Natural ventilation, sunlight and cleanliness can reduce infection
According to a recently published study by leading expert Dr. Richard Hobday, infections caught in buildings are a major global cause of sickness and mortality. As we spend more than 90 percent of our time indoor, the importance of a good indoor climate with fresh air, sunlight, and cleanliness is even more pertinent.
Before the development of antibiotics; ventilation, natural light, and cleanliness were the means to keep infection under control. However, the findings of Dr. Richard Hobday's research suggest that the design of buildings today is more focused on human comfort rather than health, which in worst case can cause increased sickness, diseases and mortality.
Over the last hundred years, expert opinion has changed markedly on the airborne trans-mission of diseases. It has swung from belief to denial; and then begun to move back. This, in turn, has had a direct influence on the design of buildings. Currently, there are few incen-tives for designers to arrange lighting or ventilation to protect building occupants from air-borne contagion.
These findings from Dr. Richard Hobday's research will be presented at the annual IARU Sustainability Science Congress in Copenhagen from the 22nd to the 24th of october, where Dr. Hobday will address sustainability from a health perspective.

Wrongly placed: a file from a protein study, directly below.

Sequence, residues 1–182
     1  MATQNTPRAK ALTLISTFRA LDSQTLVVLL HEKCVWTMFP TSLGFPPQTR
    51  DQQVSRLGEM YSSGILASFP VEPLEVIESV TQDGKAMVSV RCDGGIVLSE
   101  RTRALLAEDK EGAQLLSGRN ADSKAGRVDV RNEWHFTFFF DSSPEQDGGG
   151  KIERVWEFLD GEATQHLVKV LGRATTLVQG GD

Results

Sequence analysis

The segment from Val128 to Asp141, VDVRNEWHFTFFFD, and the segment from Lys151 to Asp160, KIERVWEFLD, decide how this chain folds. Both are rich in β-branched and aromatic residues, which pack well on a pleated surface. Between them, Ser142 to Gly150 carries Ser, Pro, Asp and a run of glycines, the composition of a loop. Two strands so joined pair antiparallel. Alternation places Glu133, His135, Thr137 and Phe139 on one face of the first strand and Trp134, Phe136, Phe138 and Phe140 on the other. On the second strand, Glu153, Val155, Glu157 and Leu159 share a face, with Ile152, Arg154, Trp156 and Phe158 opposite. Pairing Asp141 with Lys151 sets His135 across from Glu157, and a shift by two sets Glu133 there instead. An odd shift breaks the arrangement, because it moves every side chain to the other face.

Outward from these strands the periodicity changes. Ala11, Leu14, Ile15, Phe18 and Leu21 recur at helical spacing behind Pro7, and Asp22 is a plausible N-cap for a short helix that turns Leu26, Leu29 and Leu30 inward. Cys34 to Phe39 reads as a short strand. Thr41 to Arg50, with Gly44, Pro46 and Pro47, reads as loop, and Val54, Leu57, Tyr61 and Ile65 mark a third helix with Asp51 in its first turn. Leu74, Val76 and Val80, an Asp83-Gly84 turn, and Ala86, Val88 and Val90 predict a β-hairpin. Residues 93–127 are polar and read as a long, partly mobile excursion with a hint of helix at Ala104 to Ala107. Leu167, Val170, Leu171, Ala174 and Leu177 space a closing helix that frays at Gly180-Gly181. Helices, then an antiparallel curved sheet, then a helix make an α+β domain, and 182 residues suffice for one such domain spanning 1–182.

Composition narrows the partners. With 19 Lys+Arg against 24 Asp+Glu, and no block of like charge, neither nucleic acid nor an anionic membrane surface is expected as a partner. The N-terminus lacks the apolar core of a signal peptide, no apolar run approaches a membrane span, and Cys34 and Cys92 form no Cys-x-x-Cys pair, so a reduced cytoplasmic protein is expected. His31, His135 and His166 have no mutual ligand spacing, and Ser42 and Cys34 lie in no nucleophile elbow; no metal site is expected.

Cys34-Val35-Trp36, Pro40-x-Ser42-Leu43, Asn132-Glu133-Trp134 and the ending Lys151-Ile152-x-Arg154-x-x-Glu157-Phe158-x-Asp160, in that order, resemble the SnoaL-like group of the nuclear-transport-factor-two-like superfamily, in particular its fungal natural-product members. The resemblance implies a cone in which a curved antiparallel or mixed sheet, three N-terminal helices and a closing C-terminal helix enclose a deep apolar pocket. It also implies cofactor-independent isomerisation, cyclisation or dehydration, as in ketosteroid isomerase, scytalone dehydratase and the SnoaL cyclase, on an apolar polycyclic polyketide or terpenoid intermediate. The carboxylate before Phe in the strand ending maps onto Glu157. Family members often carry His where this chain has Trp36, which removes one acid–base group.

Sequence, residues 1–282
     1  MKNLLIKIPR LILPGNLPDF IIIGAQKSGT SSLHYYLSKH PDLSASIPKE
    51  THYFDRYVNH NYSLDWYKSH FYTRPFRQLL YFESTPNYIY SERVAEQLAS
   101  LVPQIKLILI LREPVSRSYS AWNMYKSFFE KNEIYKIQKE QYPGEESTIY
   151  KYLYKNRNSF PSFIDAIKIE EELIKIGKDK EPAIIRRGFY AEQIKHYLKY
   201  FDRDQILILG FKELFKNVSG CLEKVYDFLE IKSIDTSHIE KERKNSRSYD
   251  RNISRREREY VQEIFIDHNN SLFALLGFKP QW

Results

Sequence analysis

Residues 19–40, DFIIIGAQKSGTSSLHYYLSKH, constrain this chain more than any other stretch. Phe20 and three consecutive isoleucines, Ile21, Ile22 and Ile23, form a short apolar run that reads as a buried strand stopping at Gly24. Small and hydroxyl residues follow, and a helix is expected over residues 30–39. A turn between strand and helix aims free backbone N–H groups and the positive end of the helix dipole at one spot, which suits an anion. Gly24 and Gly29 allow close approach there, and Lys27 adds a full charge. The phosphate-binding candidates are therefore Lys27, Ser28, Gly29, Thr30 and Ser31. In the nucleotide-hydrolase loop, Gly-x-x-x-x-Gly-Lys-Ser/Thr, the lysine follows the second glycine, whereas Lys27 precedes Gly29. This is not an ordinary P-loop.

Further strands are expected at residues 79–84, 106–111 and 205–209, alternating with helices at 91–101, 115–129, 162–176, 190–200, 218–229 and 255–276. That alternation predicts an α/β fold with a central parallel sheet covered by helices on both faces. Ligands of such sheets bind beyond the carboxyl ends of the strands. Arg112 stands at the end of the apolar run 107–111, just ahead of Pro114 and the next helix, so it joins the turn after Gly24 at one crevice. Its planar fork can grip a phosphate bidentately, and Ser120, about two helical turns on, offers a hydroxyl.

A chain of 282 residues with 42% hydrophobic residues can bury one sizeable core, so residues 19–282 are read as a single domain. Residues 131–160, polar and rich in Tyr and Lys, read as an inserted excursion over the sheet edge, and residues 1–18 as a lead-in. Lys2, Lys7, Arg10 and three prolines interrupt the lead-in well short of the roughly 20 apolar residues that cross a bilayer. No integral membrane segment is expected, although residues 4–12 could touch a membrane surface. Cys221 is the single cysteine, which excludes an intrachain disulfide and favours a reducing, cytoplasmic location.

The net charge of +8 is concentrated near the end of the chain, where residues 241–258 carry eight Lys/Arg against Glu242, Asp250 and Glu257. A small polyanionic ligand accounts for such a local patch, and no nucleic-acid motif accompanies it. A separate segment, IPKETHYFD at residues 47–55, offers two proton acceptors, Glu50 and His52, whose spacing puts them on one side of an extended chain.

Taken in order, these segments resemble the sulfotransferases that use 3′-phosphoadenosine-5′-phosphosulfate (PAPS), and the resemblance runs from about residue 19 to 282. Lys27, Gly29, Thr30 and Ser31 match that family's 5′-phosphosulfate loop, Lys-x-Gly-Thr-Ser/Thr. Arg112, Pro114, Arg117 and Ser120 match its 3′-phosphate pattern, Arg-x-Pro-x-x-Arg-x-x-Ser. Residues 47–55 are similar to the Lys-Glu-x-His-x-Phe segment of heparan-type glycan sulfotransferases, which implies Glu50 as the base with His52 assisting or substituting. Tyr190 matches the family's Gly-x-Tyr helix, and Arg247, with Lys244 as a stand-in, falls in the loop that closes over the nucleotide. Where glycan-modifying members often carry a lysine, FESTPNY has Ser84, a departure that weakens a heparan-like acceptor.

Sustainability is, according to Dr. Hobday, also about creating a built environment that stimulates both body and mind. Buildings such as hospitals, schools and child care centres are places that particularly need a good and healthy indoor climate as it reduces the risk of diseases and strengthens the health, learning ability, and self-development.
The Danish child care centre the Sunhouse (Solhuset) in Hørsholm is a tangible proof that this is within reach to meet future requirements for sustainable buildings and at the same time - to provide a healthy and stimulating indoor climate. Based on the "Active House principles" – defining buildings with healthy indoor climate that minimise its energy use and environmental impact – it has become one of the most climate friendly day care centres in Denmark.
At completion in 2011 the Sunhouse managed to set new standards for sustainable child care centres. It is carbon neutral and renewable energy driven and it has tripled the amount of daylight defined by the Danish building codes. On top of all this, children have gained a nest where they can learn, live and play in harmony with nature.
The Sunhouse, is one of the VELUX Group's 21 demonstration buildings and is open for visits by the press on Friday, 24 October, where it will be possible to meet the dedicated team and see children unfolding themselves in spacious and brightened indoor environments.
Through its 21 demonstration buildings, using existing products, processes and technologies, the VELUX Group has proved that the buildings of tomorrow can actually be build today. Buildings that comply with the predicted EU building energy standards for 2020 without compromising on indoor comfort, health and well-being. That is the VELUX Group's contribution to the quest for a more healthy and sustainable future.